[Show abstract][Hide abstract] ABSTRACT: Integrases, such as that of the Streptomyces temperate bacteriophage C31, promote site-specific recombination between DNA sequences in the bacteriophage and bacterial genomes to integrate or excise the phage DNA. C31 integrase belongs to the serine recombinase family, a large group of structurally related enzymes with diverse biological functions. It has been proposed that serine integrases use a "subunit rotation" mechanism to exchange DNA strands after double-strand DNA cleavage at the two recombining att sites, and that many rounds of subunit rotation can occur before the strands are religated. We have analyzed the mechanism of C31 integrase-mediated recombination in a topologically constrained experimental system using hybrid "phes" recombination sites, each of which comprises a C31 att site positioned adjacent to a regulatory sequence recognized by Tn3 resolvase. The topologies of reaction products from circular substrates containing two phes sites support a right-handed subunit rotation mechanism for catalysis of both integrative and excisive recombination. Strand exchange usually terminates after a single round of 180° rotation. However, multiple processive "360° rotation" rounds of strand exchange can be observed, if the recombining sites have nonidentical base pairs at their centers. We propose that a regulatory "gating" mechanism normally blocks multiple rounds of strand exchange and triggers product release after a single round.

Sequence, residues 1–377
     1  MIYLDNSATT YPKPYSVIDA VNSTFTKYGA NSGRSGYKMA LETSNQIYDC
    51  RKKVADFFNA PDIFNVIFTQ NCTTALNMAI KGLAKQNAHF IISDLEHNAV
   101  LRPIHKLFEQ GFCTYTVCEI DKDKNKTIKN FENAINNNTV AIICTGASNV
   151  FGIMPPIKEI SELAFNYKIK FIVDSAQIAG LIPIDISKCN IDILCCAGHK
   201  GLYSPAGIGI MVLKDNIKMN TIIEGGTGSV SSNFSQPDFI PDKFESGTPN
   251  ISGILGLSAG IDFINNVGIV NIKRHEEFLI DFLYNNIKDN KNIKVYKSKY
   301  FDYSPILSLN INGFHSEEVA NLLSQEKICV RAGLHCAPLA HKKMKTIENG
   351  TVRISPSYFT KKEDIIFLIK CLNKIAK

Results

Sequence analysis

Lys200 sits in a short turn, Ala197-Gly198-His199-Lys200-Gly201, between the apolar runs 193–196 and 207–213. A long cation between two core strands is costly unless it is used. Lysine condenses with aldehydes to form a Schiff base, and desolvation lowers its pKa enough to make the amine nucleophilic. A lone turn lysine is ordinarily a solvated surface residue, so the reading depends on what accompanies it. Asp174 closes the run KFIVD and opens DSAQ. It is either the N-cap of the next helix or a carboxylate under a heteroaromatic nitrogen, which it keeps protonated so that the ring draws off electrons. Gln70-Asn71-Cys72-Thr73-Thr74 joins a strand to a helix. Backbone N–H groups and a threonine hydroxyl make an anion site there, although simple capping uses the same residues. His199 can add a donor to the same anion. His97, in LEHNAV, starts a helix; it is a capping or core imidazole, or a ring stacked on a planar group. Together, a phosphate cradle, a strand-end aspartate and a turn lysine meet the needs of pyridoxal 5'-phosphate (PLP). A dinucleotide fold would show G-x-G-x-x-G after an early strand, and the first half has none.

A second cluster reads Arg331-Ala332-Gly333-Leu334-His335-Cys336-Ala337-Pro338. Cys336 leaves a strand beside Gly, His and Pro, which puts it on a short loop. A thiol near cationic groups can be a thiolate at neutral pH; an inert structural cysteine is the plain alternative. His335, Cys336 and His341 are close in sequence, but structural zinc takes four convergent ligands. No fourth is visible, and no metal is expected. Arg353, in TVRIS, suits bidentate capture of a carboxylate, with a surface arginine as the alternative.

Proceedings of the National Academy of Sciences 11/2012; · 9.81 Impact Factor